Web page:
Background: Air pollution is a major cause of asthma exacerbation. Most studies have
shown that exposure to coarse and fine particulate matter is associated with asthma exacerbation. Ultrafine
particles (UFPs, aerodynamic diameter ≤ 0.1 µm) are the smallest airborne particles, which are
capable of penetrating deep into the lungs. Toxicological studies have suggested that exposure to
UFPs may have serious effects on respiratory health. However, epidemiological evidence on the effects
of UFPs exposure on asthma exacerbation in children remains unclear.
Objective: We conducted a meta-analysis to quantitatively assess the effects of exposure to UFPs on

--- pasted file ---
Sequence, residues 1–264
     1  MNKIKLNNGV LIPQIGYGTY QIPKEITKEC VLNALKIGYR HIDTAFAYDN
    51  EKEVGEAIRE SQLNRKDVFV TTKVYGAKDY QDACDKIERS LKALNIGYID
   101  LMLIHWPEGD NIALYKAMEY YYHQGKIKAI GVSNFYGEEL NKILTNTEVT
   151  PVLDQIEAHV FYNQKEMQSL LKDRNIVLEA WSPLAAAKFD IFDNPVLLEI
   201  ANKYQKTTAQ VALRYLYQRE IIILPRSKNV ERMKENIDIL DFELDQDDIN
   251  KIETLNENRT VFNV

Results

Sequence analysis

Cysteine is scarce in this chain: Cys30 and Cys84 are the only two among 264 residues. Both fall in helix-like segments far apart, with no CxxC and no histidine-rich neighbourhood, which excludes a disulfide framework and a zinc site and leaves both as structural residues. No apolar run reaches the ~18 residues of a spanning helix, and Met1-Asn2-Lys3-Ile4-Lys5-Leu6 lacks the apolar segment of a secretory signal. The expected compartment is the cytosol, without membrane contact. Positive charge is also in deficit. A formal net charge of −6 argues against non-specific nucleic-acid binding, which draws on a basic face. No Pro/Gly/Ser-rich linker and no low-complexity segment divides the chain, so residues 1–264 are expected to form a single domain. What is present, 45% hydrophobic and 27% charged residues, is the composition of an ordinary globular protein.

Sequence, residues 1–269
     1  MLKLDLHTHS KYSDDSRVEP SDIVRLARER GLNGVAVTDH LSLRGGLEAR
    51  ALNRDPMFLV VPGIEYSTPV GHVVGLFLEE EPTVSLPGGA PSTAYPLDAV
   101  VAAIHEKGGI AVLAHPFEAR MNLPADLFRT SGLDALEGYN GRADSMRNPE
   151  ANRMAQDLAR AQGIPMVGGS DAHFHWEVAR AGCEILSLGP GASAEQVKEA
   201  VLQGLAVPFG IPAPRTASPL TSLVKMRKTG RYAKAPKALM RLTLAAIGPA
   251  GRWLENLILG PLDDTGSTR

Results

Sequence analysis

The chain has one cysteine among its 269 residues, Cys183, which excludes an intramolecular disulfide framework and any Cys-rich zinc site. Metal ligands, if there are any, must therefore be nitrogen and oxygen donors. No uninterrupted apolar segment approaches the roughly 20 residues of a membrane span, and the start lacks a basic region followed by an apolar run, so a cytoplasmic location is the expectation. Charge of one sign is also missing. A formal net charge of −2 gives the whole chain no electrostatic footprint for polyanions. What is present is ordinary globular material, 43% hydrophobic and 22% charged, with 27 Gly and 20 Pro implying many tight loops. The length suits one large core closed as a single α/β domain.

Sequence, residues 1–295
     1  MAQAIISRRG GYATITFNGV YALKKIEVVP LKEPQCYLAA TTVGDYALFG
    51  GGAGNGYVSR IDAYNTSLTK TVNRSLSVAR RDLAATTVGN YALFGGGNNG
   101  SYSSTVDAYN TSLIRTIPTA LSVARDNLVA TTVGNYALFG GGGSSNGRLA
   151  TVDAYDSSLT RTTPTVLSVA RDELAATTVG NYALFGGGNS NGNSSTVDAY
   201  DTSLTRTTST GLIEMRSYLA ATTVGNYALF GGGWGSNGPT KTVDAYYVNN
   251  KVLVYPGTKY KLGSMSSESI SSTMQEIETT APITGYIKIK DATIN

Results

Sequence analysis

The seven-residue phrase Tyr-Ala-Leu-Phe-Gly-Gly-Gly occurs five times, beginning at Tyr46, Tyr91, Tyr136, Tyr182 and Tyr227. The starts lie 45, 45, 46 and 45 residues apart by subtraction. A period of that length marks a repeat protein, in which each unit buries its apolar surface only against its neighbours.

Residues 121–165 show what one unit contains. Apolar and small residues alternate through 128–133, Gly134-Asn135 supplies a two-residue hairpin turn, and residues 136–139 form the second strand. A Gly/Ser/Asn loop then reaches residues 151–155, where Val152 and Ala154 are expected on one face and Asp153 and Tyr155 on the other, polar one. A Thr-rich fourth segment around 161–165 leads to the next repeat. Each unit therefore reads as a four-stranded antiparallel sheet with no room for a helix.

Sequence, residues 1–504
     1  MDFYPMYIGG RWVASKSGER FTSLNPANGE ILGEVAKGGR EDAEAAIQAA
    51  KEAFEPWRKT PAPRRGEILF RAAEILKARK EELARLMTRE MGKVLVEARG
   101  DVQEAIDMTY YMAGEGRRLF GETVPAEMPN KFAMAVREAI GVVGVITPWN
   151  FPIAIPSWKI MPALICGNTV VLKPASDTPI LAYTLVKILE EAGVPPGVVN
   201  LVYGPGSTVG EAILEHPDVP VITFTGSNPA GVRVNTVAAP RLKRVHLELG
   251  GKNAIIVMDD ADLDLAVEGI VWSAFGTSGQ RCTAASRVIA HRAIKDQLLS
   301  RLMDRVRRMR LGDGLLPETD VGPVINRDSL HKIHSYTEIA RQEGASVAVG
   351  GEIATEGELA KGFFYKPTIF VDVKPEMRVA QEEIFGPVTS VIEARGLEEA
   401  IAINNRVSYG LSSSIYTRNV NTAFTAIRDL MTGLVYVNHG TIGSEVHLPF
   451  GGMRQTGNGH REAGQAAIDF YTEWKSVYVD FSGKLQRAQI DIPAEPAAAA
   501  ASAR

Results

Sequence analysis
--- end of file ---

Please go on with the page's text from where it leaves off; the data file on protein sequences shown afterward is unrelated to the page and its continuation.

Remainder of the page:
childhood asthma exacerbation.
Methods: We searched four databases for epidemiological studies published until March 20, 2018.
Pooled Odds Ratios (OR) and 95% confidence intervals (95% CIs) per 10000 particles/cm3 were estimated
using fixed-effect models. Subgroup analyses, sensitivity analyses, and Begg’s and Egger’s regression
were also performed.
Results: Eight moderate–high quality studies with 51542 events in total satisfied the inclusion criteria.
Exposure to UFPs showed a positive association with childhood asthma exacerbation [OR (95% CI):
1.070 (1.037, 1.104)], increased asthma-associated emergency department visits [OR (95% CI): 1.111
(1.055, 1.170)], and asthma-associated hospital admissions [OR (95% CI): 1.045 (1.004, 1.088)] and
had a stronger association with childhood asthma exacerbation at long lags [OR (95% CI):1.060
(1.039, 1.082)]. A low heterogeneity and no publication bias were detected.
Conclusion: Exposure to UFPs may increase the risk of asthma exacerbation and may be strongly associated
with childhood asthma exacerbation at long lags.